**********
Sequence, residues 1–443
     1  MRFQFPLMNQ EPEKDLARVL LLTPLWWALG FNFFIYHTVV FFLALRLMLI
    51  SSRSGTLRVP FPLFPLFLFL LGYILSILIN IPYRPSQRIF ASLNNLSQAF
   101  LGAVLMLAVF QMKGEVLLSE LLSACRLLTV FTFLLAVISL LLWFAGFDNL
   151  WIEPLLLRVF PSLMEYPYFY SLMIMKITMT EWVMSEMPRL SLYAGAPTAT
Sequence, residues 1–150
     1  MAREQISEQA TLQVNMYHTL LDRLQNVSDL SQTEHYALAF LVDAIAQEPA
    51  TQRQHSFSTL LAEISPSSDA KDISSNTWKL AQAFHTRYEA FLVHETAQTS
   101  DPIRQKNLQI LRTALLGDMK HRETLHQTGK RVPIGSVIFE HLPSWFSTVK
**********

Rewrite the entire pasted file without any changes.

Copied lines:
Sequence, residues 1–443
     1  MRFQFPLMNQ EPEKDLARVL LLTPLWWALG FNFFIYHTVV FFLALRLMLI
    51  SSRSGTLRVP FPLFPLFLFL LGYILSILIN IPYRPSQRIF ASLNNLSQAF
   101  LGAVLMLAVF QMKGEVLLSE LLSACRLLTV FTFLLAVISL LLWFAGFDNL
   151  WIEPLLLRVF PSLMEYPYFY SLMIMKITMT EWVMSEMPRL SLYAGAPTAT
Sequence, residues 1–150
     1  MAREQISEQA TLQVNMYHTL LDRLQNVSDL SQTEHYALAF LVDAIAQEPA
    51  TQRQHSFSTL LAEISPSSDA KDISSNTWKL AQAFHTRYEA FLVHETAQTS
   101  DPIRQKNLQI LRTALLGDMK HRETLHQTGK RVPIGSVIFE HLPSWFSTVK